East Yard Communities for Environmental Justice info@eycej.org 323.263.2113

Remembering Marina Pando’s Legacy as we launch our 2nd Annual MP-SJRC

As we are excited to begin working with our second cohort of Marina Pando-Social Justice Research Collaborative students this week, we are reminded of Marina Pando’s legacy. Marina was an outstanding leader dedicated to the environmental justice movement. To commemorate her passing last June, our students share how Marina Pando’s personality and legacy are reflected in a program that focuses on creating community-generated knowledge. MP-SJRC 1 “Marina Pando, is an inspiration to young women of color in a variety of ways and her story speaks to me. Her strong character and hunger for justice is a reflection of what EYECJ stands for in using your own experiences and being powerful enough to stimulate a reaction from others. She definitely influenced oppressed workers who were abused and afraid to stand up to these industries. Part of being a great person is building other people and sacrificing yourself to see others grow. Her countless hours and devotion to the community was a symbol of the strength that women have”. -Estefanie Garcia, Youth In Action!, Bell Gardens High School Marina-300x200 “A program dedicated to creating community knowledge reflects the personality of Marina Pando by showing a strong will to learn anything new and fight for what one believes in. In order for us to accomplish our goals we must stand up for what we believe in and never let others put us down. Marina Pando’s personality reflected one of being independent and never letting others tell her what to do, no matter who they were. She showed that we all have it in us to become leaders. A community led program always shows that leaders are all around us, they can be our neighbors, our siblings, our parents, our teachers, but more importantly ourselves. We all have it within ourselves to create an environment in which we can live life to the fullest. -Karla Perez, EYCEJ Long Beach Member For more information on Marina Pando visit: La Leona by Hugo LujanTo read about research produced last year, please visit:Marina Pando Social Justice Research Collaborative Projects 2015. Help us reach this year’s fundraising goal of $3,000! Please visit our website to donate here. Your donation will go directly to funding student stipends.

How to Grow a Movement – One Story at a Time by Martha Matsuoka

Last month, over a meal of pupusas, Martha Dina Argüello and I had the opportunity to talk with the youth members of East Yard Communities for Environmental Justice (EYCEJ) Youth in Action! (YA!) program, about movement histories and our roles in it.  Martha and I shared our stories and then the young people in the room began to share their stories and ask questions. And this is where it got good. You can listen to an audio recording of the talk via StoryCorps here: https://storycorps.me/interviews/las-marthas-speak-honoring-the-legacy-of-storytelling-within-the-environmental-justice-movement/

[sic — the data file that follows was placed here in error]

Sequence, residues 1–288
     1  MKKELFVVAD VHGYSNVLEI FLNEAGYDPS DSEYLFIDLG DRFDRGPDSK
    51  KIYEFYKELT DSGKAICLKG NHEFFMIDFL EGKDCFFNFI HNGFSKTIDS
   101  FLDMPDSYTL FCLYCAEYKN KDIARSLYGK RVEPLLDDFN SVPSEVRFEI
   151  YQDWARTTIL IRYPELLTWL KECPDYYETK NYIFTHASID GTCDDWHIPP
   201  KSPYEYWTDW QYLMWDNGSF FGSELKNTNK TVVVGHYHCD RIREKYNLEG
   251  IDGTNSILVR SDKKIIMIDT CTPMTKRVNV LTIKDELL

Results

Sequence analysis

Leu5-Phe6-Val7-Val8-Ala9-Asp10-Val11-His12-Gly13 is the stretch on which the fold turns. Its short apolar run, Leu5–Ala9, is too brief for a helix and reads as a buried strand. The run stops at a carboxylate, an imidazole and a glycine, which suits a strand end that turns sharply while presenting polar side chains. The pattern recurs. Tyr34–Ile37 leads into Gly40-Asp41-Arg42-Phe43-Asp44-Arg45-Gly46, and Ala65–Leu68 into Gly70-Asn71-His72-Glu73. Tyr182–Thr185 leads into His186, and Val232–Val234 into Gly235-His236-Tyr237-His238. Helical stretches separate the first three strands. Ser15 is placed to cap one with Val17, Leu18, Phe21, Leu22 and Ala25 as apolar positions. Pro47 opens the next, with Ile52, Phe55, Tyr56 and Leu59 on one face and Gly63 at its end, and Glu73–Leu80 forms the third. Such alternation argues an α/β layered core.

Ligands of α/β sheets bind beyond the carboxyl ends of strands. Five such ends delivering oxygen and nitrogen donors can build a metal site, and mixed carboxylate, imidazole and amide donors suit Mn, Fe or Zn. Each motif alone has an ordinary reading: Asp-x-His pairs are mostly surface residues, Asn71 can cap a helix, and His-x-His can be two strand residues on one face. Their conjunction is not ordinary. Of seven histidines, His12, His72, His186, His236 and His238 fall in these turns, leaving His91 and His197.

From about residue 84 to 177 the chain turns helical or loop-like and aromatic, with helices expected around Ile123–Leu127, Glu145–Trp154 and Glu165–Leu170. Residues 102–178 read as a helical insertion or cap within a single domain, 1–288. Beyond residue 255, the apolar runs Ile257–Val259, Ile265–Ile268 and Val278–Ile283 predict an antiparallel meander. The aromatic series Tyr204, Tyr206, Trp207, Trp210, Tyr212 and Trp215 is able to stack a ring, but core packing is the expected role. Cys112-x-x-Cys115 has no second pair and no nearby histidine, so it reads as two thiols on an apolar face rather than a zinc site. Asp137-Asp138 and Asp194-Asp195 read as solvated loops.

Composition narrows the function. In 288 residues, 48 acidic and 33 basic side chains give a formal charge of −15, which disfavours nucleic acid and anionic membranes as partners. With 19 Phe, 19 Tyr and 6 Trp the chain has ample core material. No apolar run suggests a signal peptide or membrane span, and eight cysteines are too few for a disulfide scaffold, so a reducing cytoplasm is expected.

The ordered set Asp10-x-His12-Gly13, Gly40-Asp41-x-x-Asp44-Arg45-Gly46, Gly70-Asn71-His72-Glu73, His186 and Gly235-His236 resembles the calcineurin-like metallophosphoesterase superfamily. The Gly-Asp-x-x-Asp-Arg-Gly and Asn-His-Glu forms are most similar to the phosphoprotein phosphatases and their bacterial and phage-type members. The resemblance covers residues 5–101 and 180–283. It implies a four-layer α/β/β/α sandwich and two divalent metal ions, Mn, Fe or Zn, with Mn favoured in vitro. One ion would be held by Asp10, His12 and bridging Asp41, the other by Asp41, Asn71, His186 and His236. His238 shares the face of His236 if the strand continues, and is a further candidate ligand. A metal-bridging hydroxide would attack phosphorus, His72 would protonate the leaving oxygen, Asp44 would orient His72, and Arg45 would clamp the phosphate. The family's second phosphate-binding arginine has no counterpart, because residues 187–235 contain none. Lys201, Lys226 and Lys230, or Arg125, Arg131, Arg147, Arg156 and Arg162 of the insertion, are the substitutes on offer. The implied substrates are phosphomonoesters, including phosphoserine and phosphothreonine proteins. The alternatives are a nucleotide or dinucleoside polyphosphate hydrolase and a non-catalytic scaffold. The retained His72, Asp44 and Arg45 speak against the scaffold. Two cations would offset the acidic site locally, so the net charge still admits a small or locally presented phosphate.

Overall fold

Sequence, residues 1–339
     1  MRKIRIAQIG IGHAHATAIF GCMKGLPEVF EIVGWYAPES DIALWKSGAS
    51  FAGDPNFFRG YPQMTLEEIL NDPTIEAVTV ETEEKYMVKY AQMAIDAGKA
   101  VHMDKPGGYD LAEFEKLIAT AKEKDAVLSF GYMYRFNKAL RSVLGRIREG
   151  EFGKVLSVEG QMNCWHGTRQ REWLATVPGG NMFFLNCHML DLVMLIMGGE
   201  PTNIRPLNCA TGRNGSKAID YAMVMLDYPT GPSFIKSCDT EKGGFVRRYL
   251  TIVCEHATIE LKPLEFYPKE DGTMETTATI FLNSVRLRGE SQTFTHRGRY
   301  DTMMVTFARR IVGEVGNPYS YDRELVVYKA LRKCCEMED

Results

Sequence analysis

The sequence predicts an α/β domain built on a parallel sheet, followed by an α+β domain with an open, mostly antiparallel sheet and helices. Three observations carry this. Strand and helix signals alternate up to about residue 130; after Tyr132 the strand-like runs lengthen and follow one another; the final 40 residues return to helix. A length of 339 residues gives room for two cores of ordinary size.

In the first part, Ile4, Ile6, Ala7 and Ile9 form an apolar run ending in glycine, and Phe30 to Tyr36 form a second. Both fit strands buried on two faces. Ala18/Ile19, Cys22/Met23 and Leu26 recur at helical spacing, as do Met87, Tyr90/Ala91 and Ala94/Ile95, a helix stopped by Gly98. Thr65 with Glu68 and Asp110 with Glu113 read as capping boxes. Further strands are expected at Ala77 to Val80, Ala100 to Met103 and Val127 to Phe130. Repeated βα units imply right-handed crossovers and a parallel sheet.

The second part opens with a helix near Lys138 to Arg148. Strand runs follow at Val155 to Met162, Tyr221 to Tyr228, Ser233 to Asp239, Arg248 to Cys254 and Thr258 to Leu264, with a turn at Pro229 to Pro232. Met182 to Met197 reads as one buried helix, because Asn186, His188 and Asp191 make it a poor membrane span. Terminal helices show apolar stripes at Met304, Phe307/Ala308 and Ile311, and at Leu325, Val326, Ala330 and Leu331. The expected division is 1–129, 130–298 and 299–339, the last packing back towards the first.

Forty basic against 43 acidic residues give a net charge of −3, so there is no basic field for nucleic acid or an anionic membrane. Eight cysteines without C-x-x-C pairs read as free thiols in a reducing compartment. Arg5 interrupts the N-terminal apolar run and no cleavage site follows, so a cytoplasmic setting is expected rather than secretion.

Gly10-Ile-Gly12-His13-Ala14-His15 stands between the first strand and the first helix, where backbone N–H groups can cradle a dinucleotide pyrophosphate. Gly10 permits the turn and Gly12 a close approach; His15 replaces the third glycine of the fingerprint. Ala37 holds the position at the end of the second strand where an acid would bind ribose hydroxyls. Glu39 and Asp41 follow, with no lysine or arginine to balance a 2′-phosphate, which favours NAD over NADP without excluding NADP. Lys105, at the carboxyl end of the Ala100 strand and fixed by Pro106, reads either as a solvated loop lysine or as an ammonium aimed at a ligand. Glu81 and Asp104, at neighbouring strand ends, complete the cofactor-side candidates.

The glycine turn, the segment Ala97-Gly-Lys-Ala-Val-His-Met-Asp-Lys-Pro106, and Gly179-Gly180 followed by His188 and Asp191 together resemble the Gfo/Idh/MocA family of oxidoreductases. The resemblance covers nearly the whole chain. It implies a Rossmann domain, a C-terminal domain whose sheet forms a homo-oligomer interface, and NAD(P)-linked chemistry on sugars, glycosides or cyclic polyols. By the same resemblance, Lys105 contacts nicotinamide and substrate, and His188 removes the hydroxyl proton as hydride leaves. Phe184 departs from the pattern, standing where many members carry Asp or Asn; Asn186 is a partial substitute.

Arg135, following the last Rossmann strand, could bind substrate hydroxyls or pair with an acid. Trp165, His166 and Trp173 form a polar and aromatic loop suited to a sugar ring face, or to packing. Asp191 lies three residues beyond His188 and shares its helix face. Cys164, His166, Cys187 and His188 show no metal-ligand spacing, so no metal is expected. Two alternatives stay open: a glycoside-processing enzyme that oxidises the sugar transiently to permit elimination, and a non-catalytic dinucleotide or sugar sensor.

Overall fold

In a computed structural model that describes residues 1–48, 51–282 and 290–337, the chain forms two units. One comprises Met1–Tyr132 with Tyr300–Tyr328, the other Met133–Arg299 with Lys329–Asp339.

Las Martas Speak


They told us stories about their lives growing up in Southeast Los Angeles.  They shared their concerns about growing class sizes at Bell Gardens High School.  They talked about their hopes and plans for going to college. They told us about how the challenges they face balancing family, friends, school and their activist work in the community. The young women shared ways they raise their voices in the classrooms despite teachers and others ignoring them.

Their stories generated questions and stories from the EYCEJ organizers in the room as well. They asked Martha and I about how we navigate activism and movement building as women of color, especially in places and spaces dominated by white men and white institutions.  What movement history could inform their work and their lives?  How do we do this work in the long term?

I can’t remember how Martha and I responded to the questions but what I do remember is how the conversation knit together all of our stories past and present — as a third generation Japanese American woman who found her voice in the environmental justice movement, an immigrant Nicaraguan woman radicalized and experienced in her work with the Black Panthers, youth and organizers with family ties to Mexico, Guatemala, Long Beach, East LA, Boyle Heights, and Bell Gardens. Even though we were born in many different decades, have had many different experiences growing up, have been involved in many different campaigns, and have way different capacities with technology (e.g. using smartphones, powerpoint, live streaming from periscope, etc.), our stories reflected a shared commitment to growing our movements and also our commitment to each other as we do the work together.

13275545_1172281332803800_975224773_o After the conversation, I was reminded of the powerful words of Grace Lee Boggs, the Chinese-American feminist, activist from Detroit who once wrote,

We never know how our small activities will affect others through the invisible fabric of our connectedness. In this exquisitely connected world, it’s never a question of ‘critical mass.’ It’s always about critical connections.

There is no doubt that the young leaders from Bell Gardens High School (as well as college students and young organizers) are the next generation of movement builders in our work. But in a movement context, their presence and leadership are also central to the work here and now. In the EYCEJ meeting room that night it was only through the youth that the rest of our stories were able to come together in rich and intersectional ways. The high school students were deeply rooted in their lived experiences and they made sure that our discussions remained focused on the intersectionality of race, gender, age, and nationality.  They were acutely aware of the injustices they faced but rather than dwell on their problems, they probed us for new perspectives, examples, and tools for becoming better movement leaders. Grace Lee Boggs also says that our human evolution is not a linear process; talking story with and through the students made that point in clear and brilliant ways.